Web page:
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House GOP Leaders Consider Four-Year Debt Limit Deal

Bill Clark/CQ Roll Call File Photo
Boehner, right, and other House GOP leaders are considering a four-year debt limit increase that would take the issue off the table for the rest of Obama’s presidency.

With the administration’s debt ceiling deadline fast approaching, House Republican leaders are considering a four-year debt limit increase that would take the issue off the table for the rest of President Barack Obama’s presidency.

The plan would, however, come at no easy price for Obama, who pledged as recently as Monday morning not to negotiate with Republicans on a debt ceiling hike. Republicans would demand major tax and entitlement changes — the latter of which has been anathema to many Democrats — and they could also ask for movement on the sequester and an expiring continuing resolution that must be dealt with in the next three months.

The idea was one of many brought up over Sunday and Monday, as Speaker John A. Boehner of Ohio and his leadership team and staff held a strategy session in Warrenton, Va.

“We have an opportunity to inject years of certainty while doing some fundamental tax reform and entitlement reform,” said Rep. Steve Southerland II of Florida, the sophomore class leadership representative, who was at the meeting.

In addition to the four-year plan, ideas for extending the debt ceiling ranged from a one- or two-year increase to one that would last only 30 or 60 days.

Still, the ultimate decision on which path to take will not be forged until the rank and file have their say at the full conference retreat, which starts Wednesday in Williamsburg, Va. It is a function of the decentralized power that Boehner holds: He sets the agenda, but it is up to his conference whether to accept it.

“We all agreed we need to get the input from our conference on how to move forward,” said Conference Vice Chairwoman Lynn Jenkins of Kansas. “We know we have to be unified because division hinders our ability to get things done.”

The retreat’s theme of “One Conference, Many Voices,” belies just how wounded, fractured and lacking in direction the House Republican Conference is as it enters the 113th Congress. Boehner was rebuffed by his conference in attempts to pass deals to avert the fiscal cliff. And a few members went on to voice votes of no confidence when they tried to mount a coup against Boehner before he was re-elected to the speakership on Jan. 3.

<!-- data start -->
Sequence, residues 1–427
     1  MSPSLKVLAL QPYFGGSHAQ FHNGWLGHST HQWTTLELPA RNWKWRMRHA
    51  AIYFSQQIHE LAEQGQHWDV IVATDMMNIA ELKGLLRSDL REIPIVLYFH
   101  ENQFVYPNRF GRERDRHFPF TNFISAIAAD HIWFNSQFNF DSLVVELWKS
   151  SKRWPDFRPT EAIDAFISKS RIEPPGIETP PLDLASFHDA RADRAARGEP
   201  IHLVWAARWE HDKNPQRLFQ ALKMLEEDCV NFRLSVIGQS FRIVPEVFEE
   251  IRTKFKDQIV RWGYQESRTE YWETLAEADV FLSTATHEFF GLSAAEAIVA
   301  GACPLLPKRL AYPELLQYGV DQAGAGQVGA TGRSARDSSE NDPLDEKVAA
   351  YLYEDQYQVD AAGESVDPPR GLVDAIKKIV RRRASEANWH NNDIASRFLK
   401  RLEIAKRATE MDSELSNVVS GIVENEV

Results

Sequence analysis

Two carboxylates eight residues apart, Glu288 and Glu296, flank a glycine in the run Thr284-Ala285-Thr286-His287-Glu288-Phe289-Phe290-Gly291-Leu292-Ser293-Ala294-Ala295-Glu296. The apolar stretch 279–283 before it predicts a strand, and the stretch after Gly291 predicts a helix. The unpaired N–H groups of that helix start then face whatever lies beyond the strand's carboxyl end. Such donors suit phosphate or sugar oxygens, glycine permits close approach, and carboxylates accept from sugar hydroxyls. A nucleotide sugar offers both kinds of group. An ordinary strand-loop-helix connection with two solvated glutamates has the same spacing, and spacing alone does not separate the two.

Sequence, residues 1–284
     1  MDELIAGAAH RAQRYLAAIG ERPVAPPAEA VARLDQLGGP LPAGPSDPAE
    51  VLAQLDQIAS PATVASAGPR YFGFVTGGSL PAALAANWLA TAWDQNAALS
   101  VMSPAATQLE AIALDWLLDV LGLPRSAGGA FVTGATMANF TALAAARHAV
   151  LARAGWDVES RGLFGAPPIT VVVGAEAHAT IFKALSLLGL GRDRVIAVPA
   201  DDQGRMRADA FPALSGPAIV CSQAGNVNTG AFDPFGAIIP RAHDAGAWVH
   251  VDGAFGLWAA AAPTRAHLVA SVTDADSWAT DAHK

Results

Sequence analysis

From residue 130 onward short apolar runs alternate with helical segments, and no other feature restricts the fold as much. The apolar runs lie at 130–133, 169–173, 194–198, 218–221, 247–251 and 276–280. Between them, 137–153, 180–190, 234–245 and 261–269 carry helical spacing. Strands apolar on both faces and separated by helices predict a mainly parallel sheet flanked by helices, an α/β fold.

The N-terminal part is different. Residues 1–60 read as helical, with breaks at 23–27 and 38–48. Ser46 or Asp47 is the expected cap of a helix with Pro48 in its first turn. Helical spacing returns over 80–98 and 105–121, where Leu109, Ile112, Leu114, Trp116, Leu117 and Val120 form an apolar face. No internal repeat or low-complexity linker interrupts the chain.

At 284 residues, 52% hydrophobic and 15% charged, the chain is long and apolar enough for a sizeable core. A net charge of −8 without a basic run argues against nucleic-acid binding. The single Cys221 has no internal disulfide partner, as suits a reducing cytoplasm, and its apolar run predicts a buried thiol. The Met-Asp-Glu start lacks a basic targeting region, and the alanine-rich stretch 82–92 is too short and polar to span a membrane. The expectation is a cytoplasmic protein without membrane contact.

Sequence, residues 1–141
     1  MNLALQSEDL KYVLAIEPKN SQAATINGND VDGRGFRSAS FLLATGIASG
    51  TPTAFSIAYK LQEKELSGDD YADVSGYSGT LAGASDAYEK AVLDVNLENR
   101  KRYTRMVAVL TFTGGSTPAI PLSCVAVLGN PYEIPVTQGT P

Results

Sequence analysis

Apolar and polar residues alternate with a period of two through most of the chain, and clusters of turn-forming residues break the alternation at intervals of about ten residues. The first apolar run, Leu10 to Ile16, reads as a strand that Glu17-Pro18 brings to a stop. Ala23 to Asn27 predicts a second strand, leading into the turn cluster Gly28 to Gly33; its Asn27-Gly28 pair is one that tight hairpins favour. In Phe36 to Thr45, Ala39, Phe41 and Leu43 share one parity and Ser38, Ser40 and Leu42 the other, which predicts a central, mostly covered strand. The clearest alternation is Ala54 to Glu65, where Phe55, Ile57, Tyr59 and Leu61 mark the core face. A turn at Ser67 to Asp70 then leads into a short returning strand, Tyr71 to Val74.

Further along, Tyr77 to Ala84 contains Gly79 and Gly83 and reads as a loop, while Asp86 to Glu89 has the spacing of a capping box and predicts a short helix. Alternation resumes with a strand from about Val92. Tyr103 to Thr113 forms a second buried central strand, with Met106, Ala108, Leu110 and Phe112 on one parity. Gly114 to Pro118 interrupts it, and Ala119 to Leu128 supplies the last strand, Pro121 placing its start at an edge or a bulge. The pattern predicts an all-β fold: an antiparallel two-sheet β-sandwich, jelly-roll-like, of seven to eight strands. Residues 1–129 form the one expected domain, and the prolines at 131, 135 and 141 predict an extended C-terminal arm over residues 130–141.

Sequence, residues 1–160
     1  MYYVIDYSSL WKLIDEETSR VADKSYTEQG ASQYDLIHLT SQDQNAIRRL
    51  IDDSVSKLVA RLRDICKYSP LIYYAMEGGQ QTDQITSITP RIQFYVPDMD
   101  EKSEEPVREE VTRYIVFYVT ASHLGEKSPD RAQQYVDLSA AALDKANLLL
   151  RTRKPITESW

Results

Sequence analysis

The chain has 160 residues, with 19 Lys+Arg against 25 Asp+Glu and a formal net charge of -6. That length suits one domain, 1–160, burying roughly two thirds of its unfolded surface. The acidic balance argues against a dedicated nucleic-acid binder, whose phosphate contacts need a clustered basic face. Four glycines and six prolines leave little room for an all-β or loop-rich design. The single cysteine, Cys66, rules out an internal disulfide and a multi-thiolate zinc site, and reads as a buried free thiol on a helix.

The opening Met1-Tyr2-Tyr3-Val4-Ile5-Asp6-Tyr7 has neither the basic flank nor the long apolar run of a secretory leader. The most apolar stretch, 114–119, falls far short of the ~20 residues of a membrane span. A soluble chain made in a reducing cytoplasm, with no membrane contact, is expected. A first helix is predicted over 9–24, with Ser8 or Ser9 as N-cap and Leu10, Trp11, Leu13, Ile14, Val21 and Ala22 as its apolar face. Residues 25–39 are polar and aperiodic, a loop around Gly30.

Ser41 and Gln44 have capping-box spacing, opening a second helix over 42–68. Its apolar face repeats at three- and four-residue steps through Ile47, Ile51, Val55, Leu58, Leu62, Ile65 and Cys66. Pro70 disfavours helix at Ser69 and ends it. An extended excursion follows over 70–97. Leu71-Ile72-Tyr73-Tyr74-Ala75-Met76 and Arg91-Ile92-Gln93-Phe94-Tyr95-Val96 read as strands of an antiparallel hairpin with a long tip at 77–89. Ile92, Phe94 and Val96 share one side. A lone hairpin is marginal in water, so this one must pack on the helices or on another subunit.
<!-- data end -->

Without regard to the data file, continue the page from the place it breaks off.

So in that respect, the retreat will be about much more than just the next three months. It will be about defining the next two years.

“We have to ask ourselves, ‘What is winning in this scenario?’” a GOP leadership aide said. “We have to ask ourselves, ‘What is the role of the House Republican Conference in an Obama administration?’”

Leadership members realize they have two years worth of legislation to manage, and at the leadership retreat, Majority Leader Eric Cantor of Virginia laid out some of the big-ticket legislation that must be reauthorized, such as a transportation bill and the No Child Left Behind education law.

An immigration overhaul is also on the horizon, and at the conference retreat, Gov. Luis Fortuno of Puerto Rico, once the commonwealth’s resident commissioner in Congress, will share a panel discussion with Virginia Gov. Bob McDonnell during which the issue is sure to come up, according to aides.

The conference will also hear from conservative media figures such as Bill Kristol, Ramesh Ponnuru and Kim Strassel. Former White House Press Secretary Ari Fleischer and Domino’s Pizza CEO J. Patrick Doyle will also attend.

There is, of course, a recognition that the pressing issues of the day must be dealt with first. Absent an agreement among the conference about how to tackle the debt ceiling, much of the retreat will be devoted to the issue, with large chunks of time allotted for general conference discussion.

While the conservative bloc could possibly back a four-year extension, the concessions they would demand from the other side could end up being more than Democrats want to put on the table.

Meanwhile, temporary debt limit patches might be just as unpalatable to Republicans, who could be open to primary challengers from the right in 2014, and who could rightly claim that members voted several times in a two-year span to raise the debt ceiling.

Some conservative members of the Republican Study Committee believe they should allow the country to pass over the debt limit because they remain skeptical of leadership’s dedication to reduced spending and believe reaching the debt limit would force the cuts immediately, rather than having to rely on cuts down the road, as they did with the 2011 debt limit deal.

“Frankly, it sounds like 2011 all over again.  . . .  A lot of our guys are just sick of that,” one conservative aide said. “I’m not entirely unconvinced that we’re not heading in the same direction.”

As a result, they will likely push bills, such as those touted by Sen. Patrick J. Toomey, R-Pa., and Rep. Daniel Webster, R-Fla., that would prioritize spending and allow items at the bottom of the list to be cut if the debt limit is reached. RSC Chairman Steve Scalise of Louisiana alluded to the plan in a Monday statement.

“Hitting the debt ceiling does not immediately trigger a default unless [Obama’s] administration fails to do its job and prioritize our debt payments. Default is not an option unless President Obama and his administration choose it to be,” he said.

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